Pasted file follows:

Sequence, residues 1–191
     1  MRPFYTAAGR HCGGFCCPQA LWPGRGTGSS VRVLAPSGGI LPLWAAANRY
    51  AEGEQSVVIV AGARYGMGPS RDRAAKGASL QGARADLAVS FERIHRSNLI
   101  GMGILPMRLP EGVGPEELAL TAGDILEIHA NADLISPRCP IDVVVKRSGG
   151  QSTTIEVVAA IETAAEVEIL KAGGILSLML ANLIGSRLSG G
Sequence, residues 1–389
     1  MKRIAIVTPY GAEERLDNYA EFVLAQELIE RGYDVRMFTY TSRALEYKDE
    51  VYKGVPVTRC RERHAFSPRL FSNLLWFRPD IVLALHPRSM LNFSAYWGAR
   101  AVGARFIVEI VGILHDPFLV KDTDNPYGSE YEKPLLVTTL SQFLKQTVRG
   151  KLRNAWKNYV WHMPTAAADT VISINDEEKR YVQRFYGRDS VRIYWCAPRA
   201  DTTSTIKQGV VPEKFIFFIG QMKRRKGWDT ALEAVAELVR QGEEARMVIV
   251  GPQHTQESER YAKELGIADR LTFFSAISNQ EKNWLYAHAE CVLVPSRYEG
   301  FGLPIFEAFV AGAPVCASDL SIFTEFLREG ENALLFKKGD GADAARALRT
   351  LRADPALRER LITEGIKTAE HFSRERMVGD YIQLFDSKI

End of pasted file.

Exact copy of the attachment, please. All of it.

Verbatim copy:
Sequence, residues 1–191
     1  MRPFYTAAGR HCGGFCCPQA LWPGRGTGSS VRVLAPSGGI LPLWAAANRY
    51  AEGEQSVVIV AGARYGMGPS RDRAAKGASL QGARADLAVS FERIHRSNLI
   101  GMGILPMRLP EGVGPEELAL TAGDILEIHA NADLISPRCP IDVVVKRSGG
   151  QSTTIEVVAA IETAAEVEIL KAGGILSLML ANLIGSRLSG G
Sequence, residues 1–389
     1  MKRIAIVTPY GAEERLDNYA EFVLAQELIE RGYDVRMFTY TSRALEYKDE
    51  VYKGVPVTRC RERHAFSPRL FSNLLWFRPD IVLALHPRSM LNFSAYWGAR
   101  AVGARFIVEI VGILHDPFLV KDTDNPYGSE YEKPLLVTTL SQFLKQTVRG
   151  KLRNAWKNYV WHMPTAAADT VISINDEEKR YVQRFYGRDS VRIYWCAPRA
   201  DTTSTIKQGV VPEKFIFFIG QMKRRKGWDT ALEAVAELVR QGEEARMVIV
   251  GPQHTQESER YAKELGIADR LTFFSAISNQ EKNWLYAHAE CVLVPSRYEG
   301  FGLPIFEAFV AGAPVCASDL SIFTEFLREG ENALLFKKGD GADAARALRT
   351  LRADPALRER LITEGIKTAE HFSRERMVGD YIQLFDSKI